Champagne wine guide

Champagne

Click here to download this guide

Champagne must be made from chardonnay, pinot noir or pinot meunier grapes grown on chalky hillsides within a strictly demarcated region centred on the twin towns of Reims and Epernay, some 90 miles east of Paris. After hand harvesting, each grape variety is vinified separately, and in the following spring, the wines are blended. Reserve wines from older vintages may be added to enrich the flavour, and guarantee consistency in non-vintage Champagne. Yeast and sugar are added, and the wine is bottled for its second fermentation which creates the bubbles, or mousse.

The yeast feeds on the sugars, producing alcohol and carbon dioxide, which, with nowhere else to go in the sealed bottle, dissolves into the wine. The wine then matures for at least 15 months (often much longer). Gradual turning of the bottles, remuage, brings the yeast sediment to the neck of the bottle, which is then frozen to allow the yeast pellet to be cleanly ejected (dégorgement). After topping up (dosage) with a little more wine and sugar (known as liqueur d'expédition), the bottle is sealed.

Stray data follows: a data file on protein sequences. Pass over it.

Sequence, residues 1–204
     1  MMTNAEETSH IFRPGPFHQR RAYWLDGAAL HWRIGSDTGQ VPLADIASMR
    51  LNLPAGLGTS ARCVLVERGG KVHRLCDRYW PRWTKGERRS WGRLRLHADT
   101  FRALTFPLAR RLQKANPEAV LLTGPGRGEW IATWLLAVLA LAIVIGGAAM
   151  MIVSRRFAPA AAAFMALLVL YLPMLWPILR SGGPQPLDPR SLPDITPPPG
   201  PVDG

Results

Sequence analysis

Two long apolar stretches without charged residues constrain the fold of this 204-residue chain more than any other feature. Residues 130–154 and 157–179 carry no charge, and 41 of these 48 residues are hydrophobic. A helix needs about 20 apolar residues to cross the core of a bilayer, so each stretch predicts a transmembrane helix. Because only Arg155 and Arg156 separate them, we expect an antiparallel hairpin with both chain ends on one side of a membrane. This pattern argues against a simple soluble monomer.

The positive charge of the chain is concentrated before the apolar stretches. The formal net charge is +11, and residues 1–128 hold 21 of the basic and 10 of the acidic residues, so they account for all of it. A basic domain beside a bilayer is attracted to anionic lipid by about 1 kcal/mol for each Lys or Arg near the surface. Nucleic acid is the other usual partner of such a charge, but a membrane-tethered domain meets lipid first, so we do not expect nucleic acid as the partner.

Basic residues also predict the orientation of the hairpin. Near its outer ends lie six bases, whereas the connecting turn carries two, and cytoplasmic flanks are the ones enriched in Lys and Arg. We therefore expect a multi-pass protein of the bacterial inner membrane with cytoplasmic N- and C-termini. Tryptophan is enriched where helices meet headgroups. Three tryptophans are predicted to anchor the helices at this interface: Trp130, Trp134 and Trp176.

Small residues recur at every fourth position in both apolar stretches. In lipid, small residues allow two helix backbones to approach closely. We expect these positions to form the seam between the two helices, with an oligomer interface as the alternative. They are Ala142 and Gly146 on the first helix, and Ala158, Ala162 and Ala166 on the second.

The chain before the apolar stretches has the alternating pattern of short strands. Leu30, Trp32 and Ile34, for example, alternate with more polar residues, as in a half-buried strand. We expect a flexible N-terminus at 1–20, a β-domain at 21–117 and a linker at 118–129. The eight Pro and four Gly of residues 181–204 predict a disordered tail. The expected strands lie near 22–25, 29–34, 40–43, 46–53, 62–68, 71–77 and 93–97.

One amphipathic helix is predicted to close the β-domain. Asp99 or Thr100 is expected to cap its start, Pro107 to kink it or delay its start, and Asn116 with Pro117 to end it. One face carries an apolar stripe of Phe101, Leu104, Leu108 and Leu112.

Laying down

A recent study proved that Champagne may be stored equally well standing upright as horizontal. The pressure inside the bottle ensures the cork does not shrink and dry out for many years. Champagne is sensive to light and warmth and should always be stored somewhere dark and cool.

The grapes

Chardonnay - The least planted of the three main grapes, chardonnay is still a crucial partner, bringing elegance and finesse to a blend. When grown so far north, acidity levels in chardonnay are high, but this is essential for wines to have longevity, and to ensure that the finished blend doesn't taste flabby. Champagnes with a high proportion of chardonnay are generally light and fresh, and make wonderful aperitifs. Champagnes made solely from chardonnay are known as blanc de blancs ('white of whites').